Tower of Babeluberries
Jell-O has been many things for me over the course of my life: comfort food when I'm sick, a dessert at parties and after dinner; even a staple to subsist on during university. Easily its most fun role, however, is its recent turn as gelatinous antagonist in developer Robot Invader's Rise of the Blobs. Fair warning, however: attempts to eat through the screen will prove unsuccessful.
Moving from a humor-filled world of medieval miniatures in their breakout hit Wind-Up Knight to an absurdist tropical battleground, Robot Invader proves with Rise of the Blobs that they've mastered the art of the catchy mobile game concept. That quintessential "means to an end" style of design that flouts logic and instead delivers an experience you just want to play. This time around, players take control of adorable talking marshmallow Mal in his quest to escape an ever-rising circle of cubed gelatin as it climbs from the primordial fruity ooze to overtake the hill on which he sits.
At first glance, the game seems to skirt along the edges of the Tetris and Bejeweled concept of color and block matching. As with their first title, however, Robot Invader's sophomore release avoids the pitfall of homogeneity by rethinking genre assumptions about what the player does and how they do it. Instead of stacking blocks into place, or identifying matching colors, players are tasked with hurling fruit down from the top of the screen to load it into already existing stacks of jiggling doom below. Like flame to the proverbial wick, stuffing a cube with its matching colored fruit makes it eligible for destruction, along with any adjacent blocks of the same color. The only real goal? Survive - all by rotating Mal's pillar and swiping downward with speed and precision to keep ever-quicker waves of tasty doom from reaching the top tier.
It's a shame the game's initial menu screen is so crowded with icons, but don't let the clunky flow get in the way. Rise of the Blobs is a show piece for seamless touch controls. The core three actions of the game - rotating the pillar with side swipes, swiping down to speed up the descent of fruit, and tapping the gelatin to explode it - all flow together so well that a learning curve is virtually non-existent. In short order, I found myself absorbed in the multi-directional dance of juice-bursting, frantically searching for the right color on which to land my fruit to chain massive combos. And if the devil is in the details, Robot Invader keeps the devil at bay with a spectacular physics system that registers last microsecond turns of the pillar, allowing fruit to fall into place on intended squares.
For some, the game's free-to-play leanings will be enough to disqualify it, but ultimately Rise of the Blobs puts its mouth where it wants your money to be. Certainly, massive high scores are driven by the game's stable of power-ups and permanent upgrades that add new mechanics to the battlefield and allow players to deploy powerful, round-saving effects.And while coins may be a hair sparser than I'd like them to be, that's quite clearly the point: Robot Invader is giving you a spectacular game free of charge, and banking on the idea that the fun factor included will be compelling enough to sway players to either grind, or shell out cash to delve deeper into the experience. Call it greedy all you'd like, but this is freemium done right.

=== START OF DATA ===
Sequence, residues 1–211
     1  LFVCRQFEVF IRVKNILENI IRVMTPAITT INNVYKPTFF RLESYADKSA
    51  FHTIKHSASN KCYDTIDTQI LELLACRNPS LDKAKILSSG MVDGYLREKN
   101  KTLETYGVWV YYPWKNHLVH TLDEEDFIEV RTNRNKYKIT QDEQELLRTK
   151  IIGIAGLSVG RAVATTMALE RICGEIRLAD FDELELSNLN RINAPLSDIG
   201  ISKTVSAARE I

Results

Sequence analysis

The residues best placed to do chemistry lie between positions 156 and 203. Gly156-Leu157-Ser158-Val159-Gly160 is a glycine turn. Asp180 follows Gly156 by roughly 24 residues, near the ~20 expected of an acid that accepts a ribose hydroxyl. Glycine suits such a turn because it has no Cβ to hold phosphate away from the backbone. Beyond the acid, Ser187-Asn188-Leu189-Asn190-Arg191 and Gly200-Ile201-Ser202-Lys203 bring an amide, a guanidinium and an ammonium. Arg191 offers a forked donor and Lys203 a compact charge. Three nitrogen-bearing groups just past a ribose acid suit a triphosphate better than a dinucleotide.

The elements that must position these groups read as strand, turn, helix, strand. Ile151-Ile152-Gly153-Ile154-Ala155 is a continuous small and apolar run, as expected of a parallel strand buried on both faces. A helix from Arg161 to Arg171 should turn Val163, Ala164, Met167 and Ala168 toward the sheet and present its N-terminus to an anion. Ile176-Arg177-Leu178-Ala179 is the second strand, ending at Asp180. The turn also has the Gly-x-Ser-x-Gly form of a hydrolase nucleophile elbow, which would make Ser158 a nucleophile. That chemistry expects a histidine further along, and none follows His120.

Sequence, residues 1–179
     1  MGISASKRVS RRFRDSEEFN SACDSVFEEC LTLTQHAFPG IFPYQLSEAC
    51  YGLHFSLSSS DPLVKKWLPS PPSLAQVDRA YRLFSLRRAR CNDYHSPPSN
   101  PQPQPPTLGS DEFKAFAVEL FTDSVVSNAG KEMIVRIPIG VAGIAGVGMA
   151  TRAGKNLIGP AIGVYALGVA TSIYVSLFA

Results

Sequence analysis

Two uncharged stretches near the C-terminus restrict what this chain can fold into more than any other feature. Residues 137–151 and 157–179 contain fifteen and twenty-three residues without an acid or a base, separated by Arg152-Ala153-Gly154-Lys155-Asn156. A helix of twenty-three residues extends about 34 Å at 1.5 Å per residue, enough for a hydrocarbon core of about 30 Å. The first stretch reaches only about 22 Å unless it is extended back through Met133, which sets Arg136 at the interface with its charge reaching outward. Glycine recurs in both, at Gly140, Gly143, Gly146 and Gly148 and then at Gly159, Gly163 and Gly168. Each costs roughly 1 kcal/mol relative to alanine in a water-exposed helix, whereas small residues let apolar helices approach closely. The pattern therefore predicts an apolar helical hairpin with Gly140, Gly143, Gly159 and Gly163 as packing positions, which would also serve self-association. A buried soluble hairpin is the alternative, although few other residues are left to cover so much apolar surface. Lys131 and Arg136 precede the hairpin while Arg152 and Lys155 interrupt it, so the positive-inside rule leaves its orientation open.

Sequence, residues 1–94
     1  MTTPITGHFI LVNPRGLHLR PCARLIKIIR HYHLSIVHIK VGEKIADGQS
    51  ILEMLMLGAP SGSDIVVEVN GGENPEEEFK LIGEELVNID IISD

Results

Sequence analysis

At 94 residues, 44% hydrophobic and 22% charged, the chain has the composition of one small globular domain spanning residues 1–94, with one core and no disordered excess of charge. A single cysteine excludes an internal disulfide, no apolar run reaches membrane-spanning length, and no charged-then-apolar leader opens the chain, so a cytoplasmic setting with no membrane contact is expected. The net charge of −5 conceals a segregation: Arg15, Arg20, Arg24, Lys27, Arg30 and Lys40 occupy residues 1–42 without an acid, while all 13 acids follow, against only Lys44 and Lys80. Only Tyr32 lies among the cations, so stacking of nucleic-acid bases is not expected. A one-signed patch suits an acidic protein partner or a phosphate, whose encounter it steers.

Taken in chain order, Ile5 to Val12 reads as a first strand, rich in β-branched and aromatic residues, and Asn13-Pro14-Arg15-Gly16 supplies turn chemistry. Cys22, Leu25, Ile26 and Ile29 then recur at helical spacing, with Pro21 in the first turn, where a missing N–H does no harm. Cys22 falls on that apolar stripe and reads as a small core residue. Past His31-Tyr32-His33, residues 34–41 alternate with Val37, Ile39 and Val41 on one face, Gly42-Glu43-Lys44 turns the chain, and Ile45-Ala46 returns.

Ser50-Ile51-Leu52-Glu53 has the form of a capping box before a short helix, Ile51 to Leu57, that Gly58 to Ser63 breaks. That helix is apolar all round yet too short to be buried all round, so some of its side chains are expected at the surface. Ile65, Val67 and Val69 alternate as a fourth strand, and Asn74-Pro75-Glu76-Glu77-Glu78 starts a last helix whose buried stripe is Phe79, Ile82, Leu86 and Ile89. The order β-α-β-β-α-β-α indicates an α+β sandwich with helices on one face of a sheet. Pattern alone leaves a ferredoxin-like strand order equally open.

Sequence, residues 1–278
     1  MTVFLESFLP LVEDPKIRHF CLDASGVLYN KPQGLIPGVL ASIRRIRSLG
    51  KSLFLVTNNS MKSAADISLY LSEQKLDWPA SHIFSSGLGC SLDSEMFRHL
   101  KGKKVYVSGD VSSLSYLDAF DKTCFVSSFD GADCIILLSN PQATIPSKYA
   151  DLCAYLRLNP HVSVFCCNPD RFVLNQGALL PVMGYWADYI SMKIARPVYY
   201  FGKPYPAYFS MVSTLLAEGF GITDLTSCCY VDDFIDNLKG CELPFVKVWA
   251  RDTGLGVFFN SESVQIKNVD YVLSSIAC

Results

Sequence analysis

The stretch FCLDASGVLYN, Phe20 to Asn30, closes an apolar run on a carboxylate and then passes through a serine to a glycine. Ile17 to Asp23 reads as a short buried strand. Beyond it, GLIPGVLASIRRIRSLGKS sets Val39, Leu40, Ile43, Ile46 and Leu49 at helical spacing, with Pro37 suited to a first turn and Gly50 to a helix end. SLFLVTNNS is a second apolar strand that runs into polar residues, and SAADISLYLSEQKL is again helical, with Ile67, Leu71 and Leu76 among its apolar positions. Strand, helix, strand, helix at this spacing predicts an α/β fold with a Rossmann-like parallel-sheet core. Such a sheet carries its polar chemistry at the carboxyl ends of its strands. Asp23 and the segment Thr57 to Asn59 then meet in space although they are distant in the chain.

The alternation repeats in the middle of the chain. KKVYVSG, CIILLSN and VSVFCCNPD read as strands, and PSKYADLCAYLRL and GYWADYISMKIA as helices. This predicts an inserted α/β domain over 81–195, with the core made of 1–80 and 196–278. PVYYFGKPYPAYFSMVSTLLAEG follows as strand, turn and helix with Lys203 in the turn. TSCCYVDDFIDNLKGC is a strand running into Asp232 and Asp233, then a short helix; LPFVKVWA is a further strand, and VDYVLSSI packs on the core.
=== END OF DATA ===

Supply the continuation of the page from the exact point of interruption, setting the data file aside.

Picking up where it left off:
In keeping with their subtle but effective changes, Robot Invader also delivers a clever twist on the meta-goal mechanic that shot to popularity with Jetpack Joyride. Persistent goals straddle multiple play sessions and don't disappear as they're completed, instead offering the player a randomly selected reward when they complete all three in a current set. In levels where I knew I had completed my final goal, I often found myself willing to cut play short with a purposeful loss to snag a prize. Way to make me feel like a kid at the dentist's office again, Rise of the Blobs. Couple this with a rank system that opens the door to new fields and items, and you've got an experience of refreshing depth.
In fact, one of the only notable complaints I have for Rise of the Blobs is its pretense as as a game full of puzzling depth and strategy on the mechanical side. My advice to Robot Invader? Drop the pretense. This is a game of inevitable, mounting difficulty whose speed and barrage of content will overwhelm your reflexes no matter your skill level. That frustrating difficulty is also the game's greatest asset, as it drives players to jump back into another round of tap and swipe mayhem. Variety comes in the great mix of play styles (marathon, timed, etc.) and stages, each of whom bring new types of fruit with different entertaining abilities. All told, however, Rise of the Blobs is about the constant pursuit of that satisfying burst of fruit. Like Jell-O.
- Tight, seamless controls erase almost all of the learning curve. Freemium balancing is insistent, but never aggressive. "One more try" factor for this one is off the charts. Pure arcade action, not from concentrate. Great twist on the meta-goal system.
- Clunky menus obfuscate more obvious information. Difficult level is the game's greatest asset and frustration. Timed mode feels impossible!